Thursday Afternoon in the Eynon Ballroom, Tarana Burke, the founder of the #MeToo movement delivered the keynote address to the Feminist Activist Symposium which was presented by the Rowan University Women’s Center.
Burke spoke about her experiences in life that led her to the creation of the movement, including growing up in a house in the Bronx where her parents surrounded her with black feminist ideals. She said that growing up she saw things happening in her community that she wanted to change, but she didn’t have the skills to do so at that point in her life. Becoming a community organizer was her plan to change that.
She then went on to describe the start of her career as a community organizer in 1989 and talked about some of the work she did, including protesting against then real-estate developer Donald Trump for his stance on the Central Park Five case. But the genesis of what would later become the movement was birthed while Burke was working at a camp. One of her campers told Burke she had been molested by her mother’s boyfriend. While Burke admitted she didn’t have the skills to properly deal with the situation then, the conversation with the camper became the catalyst for what would eventually be the #MeToo movement.
Speaking after the meeting, Burke said that the reason she goes to Rowan and other schools to speak is to inspire the next group of leaders.
“I think that this generation is going to be where the movement lives,” Burke said. “So it’s incredibly important to speak directly to young people, who are going to carry this work. I don’t even think in five years I’ll be at the forefront of this, and I shouldn’t be. It should be these people and people younger than them. And so it’s important for me to share our vision for a way forward so that when they take over, they can carry that vision out. And if I can leave something that motivates people to be active either in this work or work that’s going to change our world, I absolutely want to do that.”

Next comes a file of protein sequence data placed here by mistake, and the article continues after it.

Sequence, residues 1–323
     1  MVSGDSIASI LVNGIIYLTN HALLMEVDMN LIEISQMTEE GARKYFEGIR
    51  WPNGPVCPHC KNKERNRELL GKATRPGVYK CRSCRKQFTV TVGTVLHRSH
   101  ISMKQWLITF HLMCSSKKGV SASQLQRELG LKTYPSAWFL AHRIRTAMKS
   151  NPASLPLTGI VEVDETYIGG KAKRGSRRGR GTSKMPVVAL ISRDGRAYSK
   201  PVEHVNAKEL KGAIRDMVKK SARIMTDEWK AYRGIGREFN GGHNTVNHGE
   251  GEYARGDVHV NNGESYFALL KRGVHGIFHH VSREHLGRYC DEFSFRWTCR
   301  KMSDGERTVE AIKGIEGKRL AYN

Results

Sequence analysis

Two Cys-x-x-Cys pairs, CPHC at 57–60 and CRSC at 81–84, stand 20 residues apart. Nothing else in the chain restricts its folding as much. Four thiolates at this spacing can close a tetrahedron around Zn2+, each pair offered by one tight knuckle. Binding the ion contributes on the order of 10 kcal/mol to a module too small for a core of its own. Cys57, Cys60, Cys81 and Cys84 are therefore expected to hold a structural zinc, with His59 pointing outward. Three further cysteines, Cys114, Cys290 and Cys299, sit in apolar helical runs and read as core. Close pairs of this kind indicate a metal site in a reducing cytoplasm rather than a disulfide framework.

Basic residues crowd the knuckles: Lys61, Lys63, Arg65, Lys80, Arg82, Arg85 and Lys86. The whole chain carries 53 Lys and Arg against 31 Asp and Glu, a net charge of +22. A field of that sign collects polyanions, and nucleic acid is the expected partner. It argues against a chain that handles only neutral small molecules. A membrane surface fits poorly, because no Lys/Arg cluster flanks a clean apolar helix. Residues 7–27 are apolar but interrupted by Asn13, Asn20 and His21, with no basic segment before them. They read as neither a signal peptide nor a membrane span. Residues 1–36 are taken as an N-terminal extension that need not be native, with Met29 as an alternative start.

Along with Burke’s keynote speech, the symposium included several other activities, including group discussion sessions and safe zone training. Bri Ozalas, a senior communication studies major, was one of the student volunteers who helped with the discussion session. She said that being able to work with social justice organizations on campus is a worthwhile pursuit.
“Just being a part of this kind of collective organization on campus is important for representation, and also being able to provide a platform for people who don’t usually get a voice,” Ozalas said.
When asked for her thoughts on Burke’s speech, Ozalas said that it was insightful to hear Burke speak about her journey in life and how it shaped her.
“Listening to Tarana speak was incredible and it provided a lot of insight to her journey,” Ozalas said. “And to show that she has been working this whole time, but it just took the spark of a hashtag to really get people talking, and I think that that’s just incredible.”
Burke’s speech and the symposium itself was a highlight of the Office of Social Justice, Inclusion and Conflict Resolution’s programming for Women’s History Month. For more information of programs offered by SJICR, visit their website.
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